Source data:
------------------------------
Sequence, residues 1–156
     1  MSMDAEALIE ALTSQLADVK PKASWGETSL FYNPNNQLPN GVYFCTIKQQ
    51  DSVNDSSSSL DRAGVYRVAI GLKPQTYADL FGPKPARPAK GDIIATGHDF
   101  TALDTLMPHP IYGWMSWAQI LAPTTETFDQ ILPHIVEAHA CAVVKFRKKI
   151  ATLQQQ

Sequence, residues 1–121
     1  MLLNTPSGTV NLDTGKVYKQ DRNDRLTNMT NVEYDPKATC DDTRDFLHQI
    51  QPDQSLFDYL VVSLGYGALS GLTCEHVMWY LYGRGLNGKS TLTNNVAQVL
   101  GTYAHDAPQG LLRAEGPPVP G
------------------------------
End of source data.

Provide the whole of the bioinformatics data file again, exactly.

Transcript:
Sequence, residues 1–156
     1  MSMDAEALIE ALTSQLADVK PKASWGETSL FYNPNNQLPN GVYFCTIKQQ
    51  DSVNDSSSSL DRAGVYRVAI GLKPQTYADL FGPKPARPAK GDIIATGHDF
   101  TALDTLMPHP IYGWMSWAQI LAPTTETFDQ ILPHIVEAHA CAVVKFRKKI
   151  ATLQQQ

Sequence, residues 1–121
     1  MLLNTPSGTV NLDTGKVYKQ DRNDRLTNMT NVEYDPKATC DDTRDFLHQI
    51  QPDQSLFDYL VVSLGYGALS GLTCEHVMWY LYGRGLNGKS TLTNNVAQVL
   101  GTYAHDAPQG LLRAEGPPVP G